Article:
Pandemic is an addictive board game in which all the players work together in an effort to eradicate four diseases from the world. Playing against the game system, they must travel the world to contain infections while developing the cures. I've played about 10 times, and every game has been packed with tension. This would be a great addition to any family game night. Pandemic was named Family Game of the Year by Games magazine. An expansion is scheduled to be published in 2009.
In this cooperative game, players move through a house using special powers to hunt ghosts. The 3x3 gameboard is randomly laid out to start the game, with a player board on each edge. Each player is a ghost hunter with a unique power. On each turn, you first reveal a ghost card and then put it in play (sometimes in front of yourself, sometimes in front of another player). You can then move a space and either take an action or attempt an exorcism. The ghosts also have special powers, and they are not easy to defeat. Ghost Stories' artwork deserves special mention; it is gorgeous.
Based on the Sci Fi Channel television series of the same name, Battlestar Galactica is the third cooperative game to make my best-of list for 2008. Each player takes the role of a character from the show (10 characters are available) as they work together to save humanity. Among the obstacles players will face are enemy ships, robot invaders, and dwindling resources. Further complicating things, greatly, is the fact that one or more characters in every game is secretly aligned with the enemy Cylons. As with most games published by Fantasy Flight, the components are excellent.
In 1999, the original Lost Cities (a two-player card game) was published. Since then, it may very well be the card game that I've played the most. In Lost Cities: The Board Game, players lead a team of four adventurers and a researcher as they try to discover lost civilizations. The danger for players is that any adventurer or researcher who does not progress far enough down a path will count as negative points at the end of the game. In Europe, Lost Cities: The Board Game was published as Keltis and won the 2008 Spiel des Jahres, Germany's award for Family Game of the Year.
5. Stone Age
An excellent middleweight strategy game set in prehistoric times, Stone Age challenges players to convert raw resources (gold, stone, brick, and wood) into victory points -- while making sure to feed their workers. There is a good amount of dice-rolling in the game, adding a random element. I found that it increased the excitement, but some players will be turned off by the role that chance plays in an otherwise strategic game. Stone Age was named Family Strategy Game of the Year by Games magazine.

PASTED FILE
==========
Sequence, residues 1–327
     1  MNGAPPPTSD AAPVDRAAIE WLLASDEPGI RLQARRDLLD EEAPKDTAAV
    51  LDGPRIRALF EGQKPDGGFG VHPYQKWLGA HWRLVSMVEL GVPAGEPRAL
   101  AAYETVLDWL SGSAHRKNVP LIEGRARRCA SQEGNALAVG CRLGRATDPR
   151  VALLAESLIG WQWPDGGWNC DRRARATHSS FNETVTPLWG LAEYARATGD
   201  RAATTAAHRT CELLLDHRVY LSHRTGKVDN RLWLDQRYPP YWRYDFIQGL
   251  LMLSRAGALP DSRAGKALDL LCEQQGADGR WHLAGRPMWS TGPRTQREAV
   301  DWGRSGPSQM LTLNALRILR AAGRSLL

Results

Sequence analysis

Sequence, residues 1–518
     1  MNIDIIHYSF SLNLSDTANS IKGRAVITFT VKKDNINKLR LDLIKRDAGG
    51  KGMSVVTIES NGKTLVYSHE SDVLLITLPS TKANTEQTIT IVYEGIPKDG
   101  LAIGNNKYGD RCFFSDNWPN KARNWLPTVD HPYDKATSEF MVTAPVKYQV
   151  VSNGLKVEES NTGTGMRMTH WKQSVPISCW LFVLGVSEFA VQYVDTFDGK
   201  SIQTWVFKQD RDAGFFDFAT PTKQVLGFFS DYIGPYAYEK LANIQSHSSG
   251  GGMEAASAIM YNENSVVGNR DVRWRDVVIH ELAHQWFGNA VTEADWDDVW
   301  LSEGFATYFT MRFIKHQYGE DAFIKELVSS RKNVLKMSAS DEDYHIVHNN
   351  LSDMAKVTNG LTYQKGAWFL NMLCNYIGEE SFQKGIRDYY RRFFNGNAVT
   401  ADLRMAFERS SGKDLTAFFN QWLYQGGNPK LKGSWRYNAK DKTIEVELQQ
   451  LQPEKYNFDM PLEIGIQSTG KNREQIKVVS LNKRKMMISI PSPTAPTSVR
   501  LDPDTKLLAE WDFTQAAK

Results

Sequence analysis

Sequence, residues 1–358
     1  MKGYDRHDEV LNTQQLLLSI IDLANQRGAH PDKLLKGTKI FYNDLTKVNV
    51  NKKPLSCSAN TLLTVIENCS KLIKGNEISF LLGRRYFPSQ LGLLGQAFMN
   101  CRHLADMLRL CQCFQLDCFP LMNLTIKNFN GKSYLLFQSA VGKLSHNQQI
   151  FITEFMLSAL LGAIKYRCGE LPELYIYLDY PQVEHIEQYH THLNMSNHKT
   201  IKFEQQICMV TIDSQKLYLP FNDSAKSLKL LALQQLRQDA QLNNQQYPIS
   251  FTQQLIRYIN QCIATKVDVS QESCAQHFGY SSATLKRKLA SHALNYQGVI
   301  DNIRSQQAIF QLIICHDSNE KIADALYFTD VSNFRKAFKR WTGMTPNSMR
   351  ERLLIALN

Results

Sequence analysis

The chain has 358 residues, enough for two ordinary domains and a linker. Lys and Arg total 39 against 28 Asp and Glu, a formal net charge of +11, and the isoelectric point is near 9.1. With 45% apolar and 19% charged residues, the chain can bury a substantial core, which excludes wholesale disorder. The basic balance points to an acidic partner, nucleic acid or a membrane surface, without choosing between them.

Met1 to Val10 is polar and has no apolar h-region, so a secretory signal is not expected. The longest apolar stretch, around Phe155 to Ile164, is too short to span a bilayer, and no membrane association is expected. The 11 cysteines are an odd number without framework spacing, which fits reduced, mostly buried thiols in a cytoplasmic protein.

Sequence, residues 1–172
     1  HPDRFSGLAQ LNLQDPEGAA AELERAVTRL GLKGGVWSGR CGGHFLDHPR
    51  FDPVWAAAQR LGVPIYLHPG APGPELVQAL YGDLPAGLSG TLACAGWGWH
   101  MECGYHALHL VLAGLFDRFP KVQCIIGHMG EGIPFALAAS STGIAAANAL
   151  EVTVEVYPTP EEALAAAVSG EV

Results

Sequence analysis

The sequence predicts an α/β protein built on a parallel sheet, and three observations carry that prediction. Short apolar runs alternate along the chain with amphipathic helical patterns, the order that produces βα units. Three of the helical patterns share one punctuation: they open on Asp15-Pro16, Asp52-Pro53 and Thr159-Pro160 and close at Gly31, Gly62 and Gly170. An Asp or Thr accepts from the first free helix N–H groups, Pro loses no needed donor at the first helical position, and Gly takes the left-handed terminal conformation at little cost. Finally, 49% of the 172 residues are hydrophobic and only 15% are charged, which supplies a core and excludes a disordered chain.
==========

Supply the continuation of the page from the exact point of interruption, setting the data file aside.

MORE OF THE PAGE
This expansion for 2005's Descent: Journeys in the Dark adds campaign rules to the excellent dungeon exploration game. (I regret that the original was not on my list of the best board games of 2005. It would have been if I had played it that year.) In Descent, one player is the Overlord while the others are adventurers trying to overcome creatures and other obstacles to win a scenario. The Road to Legend turns it into an adventure that is played out over many sessions. Adventurers begin with fewer powers than in basic Descent, but they improve over time. For hardcore fans of Descent, The Road to Legend is a must-buy.
A follow-up to the tremendously fun Pizza Box Football, Pizza Box Baseball is another fun sports game. Each player plays one card per at-bat, with the resulting combination determining the outcome. There are four levels of gameplay available, with each level adding new elements. For example, level two adds stealing and bunting; level three adds different results based on who is batting; and level four adds the ability to use different pitchers. This is a family friendly, fast-paced game that is packed with fun and excitement.
8. Kayak Chaos
This game does a great job of feeling like a quick race down a raging river, as players navigate the ever-changing set of eight river tiles. The gameplay in Kayak Chaos is controlled by cards which, when managed well, allow players to improve their own situation while making the river less friendly for their opponents. Other race games published in 2008 which could have made this list include Powerboats (racing speedboats), Leader 1 (bicycles), Snow Tails (dog sleds), Ice Flow (arctic explorers), and Fast Flowing Forest Fellers (log rollers).
Collecting sushi is good in this light dice game, but fish bones are bad. By the end of the game, you are likely to have some of both. The sushi tiles are worth 1 to 6 points, while the fish bone tiles are worth -1 to -4 points. At the start of the game, all 24 tiles (a dozen sushi and a dozen fish bones) are placed in the middle of the table, available to all players. As the tiles are claimed by rolling certain combinations of dice, it is possible to steal from each other as well as taking from the central supply. When the final tile is taken from the supply, the player with the highest score is the winner.
10. Le Havre
This heavy strategy game is a follow-up of sorts to last year's Agricola (same designer, same publisher), which I ranked as the #3 board game of 2007. Although it did not strike me as strongly as Agricola did, Le Havre is nonetheless outstanding. Players have many choices on each turn, although ensuring that you have enough food for your workers is a constant concern. Basic goods (e.g., clay and iron) can be upgraded (e.g., to bricks and steel) in some of the available buildings, and making the most of the goods you acquire and produce is a key to success. In the end, victory in Le Havre goes to the player who amasses the largest fortune.